Heat but little light in German nuclear talks

Talks aiming at phase-out agreement continue amid rumours, protests, accusations

The looming deadline of the end of the year for Germany's governing parties and power generators to reach agreement on the highly charged issue of phasing out nuclear power is being reflected in a swirling public debate including rumours of deals, denials, accusations and threats of legal action.

On Tuesday, the red-green governing coalition was widely reported to have reached an agreement to limit the life of Germany's 19 nuclear reactors to 27 years following a report in the capital's newspaper Berliner Zeitung. The formula would mean that the government could close three plants before the next general elections, due in autumn 2002, and that all plants would be closed by 2016.

The chairman of the social democrats in parliament, Peter Struck, and head of the green party Kerstin Müller insisted that no more coalition talks were needed but blamed the power industry for dragging its feet. However, the speaker of the Green party, Gunda Röstel, denied the rumoured "27 plus x" formula saying the coalition parties were "in the middle of discussions". Meanwhile the environment ministry rejected the idea of the formula as "pure invention". The economics ministry remained silent.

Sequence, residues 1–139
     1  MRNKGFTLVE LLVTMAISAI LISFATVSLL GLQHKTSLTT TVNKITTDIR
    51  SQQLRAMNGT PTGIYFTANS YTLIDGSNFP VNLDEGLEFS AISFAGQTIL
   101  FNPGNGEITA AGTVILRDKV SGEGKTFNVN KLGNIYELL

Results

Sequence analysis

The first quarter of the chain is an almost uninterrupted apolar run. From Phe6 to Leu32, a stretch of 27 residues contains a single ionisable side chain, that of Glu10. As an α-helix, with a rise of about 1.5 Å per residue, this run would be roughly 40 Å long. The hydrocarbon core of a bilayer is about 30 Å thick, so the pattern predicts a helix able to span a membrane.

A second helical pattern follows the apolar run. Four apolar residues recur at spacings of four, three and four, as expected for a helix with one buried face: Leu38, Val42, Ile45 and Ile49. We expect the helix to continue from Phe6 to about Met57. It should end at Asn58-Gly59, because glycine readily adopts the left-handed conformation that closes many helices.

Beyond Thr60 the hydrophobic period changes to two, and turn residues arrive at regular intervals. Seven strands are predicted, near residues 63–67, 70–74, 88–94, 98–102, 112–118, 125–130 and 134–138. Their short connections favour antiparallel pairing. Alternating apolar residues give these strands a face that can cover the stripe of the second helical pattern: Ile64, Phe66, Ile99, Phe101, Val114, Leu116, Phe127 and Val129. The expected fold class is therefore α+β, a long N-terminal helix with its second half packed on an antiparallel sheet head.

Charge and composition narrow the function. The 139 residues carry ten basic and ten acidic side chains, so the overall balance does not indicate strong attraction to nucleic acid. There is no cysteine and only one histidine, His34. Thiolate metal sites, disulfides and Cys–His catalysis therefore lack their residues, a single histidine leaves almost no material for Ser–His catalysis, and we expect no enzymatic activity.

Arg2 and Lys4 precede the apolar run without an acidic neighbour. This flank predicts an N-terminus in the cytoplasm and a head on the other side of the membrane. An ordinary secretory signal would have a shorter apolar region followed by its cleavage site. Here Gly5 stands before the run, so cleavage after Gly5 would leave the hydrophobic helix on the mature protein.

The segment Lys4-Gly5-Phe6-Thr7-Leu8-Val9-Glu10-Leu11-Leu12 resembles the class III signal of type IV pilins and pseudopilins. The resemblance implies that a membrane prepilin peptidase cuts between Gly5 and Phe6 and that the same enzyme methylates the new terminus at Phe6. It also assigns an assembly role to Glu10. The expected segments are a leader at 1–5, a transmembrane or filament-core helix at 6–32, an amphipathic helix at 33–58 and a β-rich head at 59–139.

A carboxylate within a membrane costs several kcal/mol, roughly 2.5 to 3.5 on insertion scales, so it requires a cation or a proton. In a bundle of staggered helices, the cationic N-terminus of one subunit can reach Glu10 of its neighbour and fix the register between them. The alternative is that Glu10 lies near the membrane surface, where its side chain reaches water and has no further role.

In Berlin on Sunday, thousands of people mobilised by citizens' initiatives and environmental NGOs took to the streets demanding an immediate end to nuclear power generation. Friends of the Earth Germany (Bund) issued a statement on Monday calling on the government to introduce a law to halt nuclear power generation immediately. It advised the government not to take seriously industry threats that the federal constitutional court should look at a nuclear phase-out law, saying that an immediate halt was "legally possible and necessary".

Meanwhile, the chairman of electricity generating giant RWE today accused the government of "perverting" the purpose of genuine consensus talks over the phase-out by threatening a law forcing plant closures if no agreement could be found. Speaking at the firm's annual meeting in Essen, Dietmar Kuhnt blamed a breakdown in the talks earlier this year (ENDS Daily 8 July) on a "a lack of unity in the government's camp". Dr Kuhnt said that a phase-out without compensation could only take place within the normal investment cycle.

The result of inter-ministerial consultations on how a forced phase-out could be made legally water-tight (ENDS Daily 27 September) are still awaited this month.

Follow Up:
RWE, tel: +49 201 1200; Bund, tel: +49 228 400 970; Berliner Zeitung, tel: +49 30 23279.

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